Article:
Claiming his second win in the 2019 World Enduro Super Series, Rockstar Energy Husqvarna Factory Racing’s Graham Jarvis has topped the Hixpania Hard Enduro in Spain. Battling his way to a well-deserved overall victory in the three-day event, Jarvis also moves to the top of the championship standings heading in to the second half of the season. Giving Jarvis a fight for the top-spot throughout the event, Alfredo Gomez won the opening two days to finally place as the overall runner-up. Completing a strong team performance, Billy Bolt enjoyed a positive performance to claim fourth.

After his winning result in round three at Erzbergrodeo, Jarvis headed to the fourth stop of WESS confident of adding to his win tally. Last topping the race in 2017, he arrived in confident spirits, but with teammate Gomez also a previous winner knew he would have to give his all in order to challenge for the win.

Graham Jarvis – Rockstar Energy Husqvarna Factory Racing

Staged over three days, racing began on Friday with the SuperEncierro Prologue in Aguilar de Campoo’s town square, followed by Saturday’s Campoo X-Treme cross-country and concluding with Sunday’s feature race the Lost Roads hard enduro.

From the off Rockstar Energy Husqvarna Factory Racing set the pace with Gomez securing a solid victory in Friday’s prologue. Determined to put in a good showing in front of his home crowd, Gomez didn’t disappoint. Joined on the podium by teammate Bolt, it was immediately clear the fight for victory would be closely contested.

Alfredo Gomez – Rockstar Energy Husqvarna Factory Racing

Faced with a challenging 50-kilometre cross-country loop, that was ridden three times, Saturday’s Campoo X-Treme saw the Husqvarna trio take command of proceedings. Gomez and Jarvis led for the majority of the outing, with Bolt always within striking distance. Pushing a little harder, Gomez was able to break away from Jarvis in the closing stages to record his second win of the event and take a six-point lead over his teammates, headed into Sunday’s Lost Roads race.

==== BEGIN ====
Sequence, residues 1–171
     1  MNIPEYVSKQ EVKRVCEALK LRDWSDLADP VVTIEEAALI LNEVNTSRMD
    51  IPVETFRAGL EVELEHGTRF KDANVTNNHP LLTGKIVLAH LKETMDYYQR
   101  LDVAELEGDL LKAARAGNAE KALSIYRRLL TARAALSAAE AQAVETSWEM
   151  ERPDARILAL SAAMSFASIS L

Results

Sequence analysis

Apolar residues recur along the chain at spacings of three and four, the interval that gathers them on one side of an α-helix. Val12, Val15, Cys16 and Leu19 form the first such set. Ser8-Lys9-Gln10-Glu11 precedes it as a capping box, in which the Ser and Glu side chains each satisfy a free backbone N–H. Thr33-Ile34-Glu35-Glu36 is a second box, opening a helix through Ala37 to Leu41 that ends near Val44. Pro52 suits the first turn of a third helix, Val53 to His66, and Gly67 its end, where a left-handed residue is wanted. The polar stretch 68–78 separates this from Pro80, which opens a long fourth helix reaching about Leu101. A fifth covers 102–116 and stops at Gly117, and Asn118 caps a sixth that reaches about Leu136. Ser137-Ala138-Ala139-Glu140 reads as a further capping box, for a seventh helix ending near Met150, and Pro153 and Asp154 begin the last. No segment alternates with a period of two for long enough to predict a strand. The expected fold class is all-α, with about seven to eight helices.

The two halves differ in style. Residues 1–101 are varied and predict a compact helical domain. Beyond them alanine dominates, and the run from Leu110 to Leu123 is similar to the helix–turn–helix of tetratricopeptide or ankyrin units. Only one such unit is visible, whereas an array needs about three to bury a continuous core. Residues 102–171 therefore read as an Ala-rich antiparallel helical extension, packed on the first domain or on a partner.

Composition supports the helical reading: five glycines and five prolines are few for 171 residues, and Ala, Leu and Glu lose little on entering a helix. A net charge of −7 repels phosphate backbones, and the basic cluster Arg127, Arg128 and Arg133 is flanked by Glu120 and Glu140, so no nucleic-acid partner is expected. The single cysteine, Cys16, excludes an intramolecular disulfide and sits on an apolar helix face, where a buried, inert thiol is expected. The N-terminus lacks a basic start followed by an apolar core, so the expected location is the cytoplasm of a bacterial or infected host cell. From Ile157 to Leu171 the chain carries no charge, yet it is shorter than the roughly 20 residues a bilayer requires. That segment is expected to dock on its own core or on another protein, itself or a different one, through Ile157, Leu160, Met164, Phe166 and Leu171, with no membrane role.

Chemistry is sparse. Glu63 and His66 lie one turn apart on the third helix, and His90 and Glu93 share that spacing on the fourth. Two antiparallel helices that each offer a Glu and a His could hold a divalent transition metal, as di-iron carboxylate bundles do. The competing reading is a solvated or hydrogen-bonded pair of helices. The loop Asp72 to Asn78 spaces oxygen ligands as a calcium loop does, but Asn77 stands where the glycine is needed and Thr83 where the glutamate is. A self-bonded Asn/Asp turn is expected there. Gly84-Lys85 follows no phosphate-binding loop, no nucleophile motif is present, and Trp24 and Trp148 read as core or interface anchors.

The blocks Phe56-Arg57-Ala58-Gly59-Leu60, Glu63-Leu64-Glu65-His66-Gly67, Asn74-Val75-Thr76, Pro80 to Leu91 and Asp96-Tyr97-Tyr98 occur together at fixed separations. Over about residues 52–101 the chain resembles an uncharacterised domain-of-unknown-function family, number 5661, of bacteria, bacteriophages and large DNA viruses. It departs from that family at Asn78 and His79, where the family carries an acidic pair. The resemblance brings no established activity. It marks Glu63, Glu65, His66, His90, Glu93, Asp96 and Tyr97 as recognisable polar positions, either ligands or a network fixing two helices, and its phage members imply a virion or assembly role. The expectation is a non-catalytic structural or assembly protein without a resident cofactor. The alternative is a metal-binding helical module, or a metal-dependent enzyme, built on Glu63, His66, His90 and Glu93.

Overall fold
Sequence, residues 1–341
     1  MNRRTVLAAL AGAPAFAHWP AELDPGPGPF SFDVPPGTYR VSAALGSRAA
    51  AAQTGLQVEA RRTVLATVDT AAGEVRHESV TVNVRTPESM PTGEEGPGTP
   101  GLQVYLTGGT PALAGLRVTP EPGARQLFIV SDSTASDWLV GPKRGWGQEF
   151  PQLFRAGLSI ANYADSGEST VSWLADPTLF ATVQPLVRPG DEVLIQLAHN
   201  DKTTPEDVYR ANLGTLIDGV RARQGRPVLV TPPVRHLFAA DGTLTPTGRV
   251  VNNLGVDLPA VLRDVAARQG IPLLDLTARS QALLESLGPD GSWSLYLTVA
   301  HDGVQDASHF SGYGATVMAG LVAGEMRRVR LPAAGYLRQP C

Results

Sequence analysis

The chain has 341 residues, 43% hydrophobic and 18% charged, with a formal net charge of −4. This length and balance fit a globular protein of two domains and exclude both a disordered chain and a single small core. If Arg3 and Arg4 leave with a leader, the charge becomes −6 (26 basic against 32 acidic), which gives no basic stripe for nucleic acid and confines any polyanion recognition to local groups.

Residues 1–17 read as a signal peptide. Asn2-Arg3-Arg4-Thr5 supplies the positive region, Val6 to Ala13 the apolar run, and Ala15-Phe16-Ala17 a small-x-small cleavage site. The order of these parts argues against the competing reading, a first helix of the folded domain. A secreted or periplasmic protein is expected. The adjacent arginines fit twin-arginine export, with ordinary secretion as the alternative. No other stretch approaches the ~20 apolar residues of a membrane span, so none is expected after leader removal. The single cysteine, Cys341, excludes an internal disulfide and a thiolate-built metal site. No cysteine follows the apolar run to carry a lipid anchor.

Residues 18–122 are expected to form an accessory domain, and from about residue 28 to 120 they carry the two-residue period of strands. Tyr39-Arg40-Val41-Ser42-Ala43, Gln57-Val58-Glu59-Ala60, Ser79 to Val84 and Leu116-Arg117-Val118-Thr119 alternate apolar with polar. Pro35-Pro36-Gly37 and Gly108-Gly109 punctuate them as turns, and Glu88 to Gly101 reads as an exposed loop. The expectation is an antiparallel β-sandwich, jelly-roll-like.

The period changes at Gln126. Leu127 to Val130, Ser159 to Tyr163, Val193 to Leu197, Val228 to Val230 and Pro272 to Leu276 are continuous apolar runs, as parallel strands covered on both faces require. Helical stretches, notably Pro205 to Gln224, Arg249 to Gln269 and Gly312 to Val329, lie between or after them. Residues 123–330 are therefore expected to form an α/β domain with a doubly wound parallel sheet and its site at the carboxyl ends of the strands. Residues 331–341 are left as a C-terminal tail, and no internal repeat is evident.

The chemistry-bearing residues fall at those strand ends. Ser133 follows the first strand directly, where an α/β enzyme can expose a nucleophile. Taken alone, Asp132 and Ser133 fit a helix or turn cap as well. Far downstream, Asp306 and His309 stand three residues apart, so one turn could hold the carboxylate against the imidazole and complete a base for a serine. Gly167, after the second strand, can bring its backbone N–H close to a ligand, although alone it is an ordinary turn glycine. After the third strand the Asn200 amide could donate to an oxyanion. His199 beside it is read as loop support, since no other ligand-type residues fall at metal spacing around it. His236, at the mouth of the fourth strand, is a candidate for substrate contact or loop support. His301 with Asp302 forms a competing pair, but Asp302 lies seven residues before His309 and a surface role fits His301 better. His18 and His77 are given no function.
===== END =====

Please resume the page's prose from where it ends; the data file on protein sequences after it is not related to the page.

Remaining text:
In a determined mood, Jarvis was immediately up to speed, working the incredibly technical sections of the course to his advantage. Moving up to the head of the field, he battled back and forth with eventual race winner Mario Roman. A mistake on the penultimate climb while leading meant Jarvis dropped a place, but in crossing the line in second he secured the overall Hixpania Hard Enduro victory, and with it moved to the top of the WESS standings.

Hopes of a home win for Gomez were dashed on the final day, despite dominating the majority of the event. Making energy-sapping mistakes early on, Gomez never quite settled into a fast rhythm. Finishing fifth on Sunday, he ended the event as runner-up.

Billy Bolt – Rockstar Energy Husqvarna Factory Racing

For Bolt, the weekend was a huge confidence boost as he begins to regain his form following a serious off-season leg injury. Runner-up in Friday’s prologue, he then backed that up with an impressive third on Saturday. With an overall podium result within his grasp, the defending WESS champion pushed hard but wasn’t quite able to make his way inside the top three. Finishing fourth, he signed off on Hixpania Hard Enduro in a hard-fought fourth overall.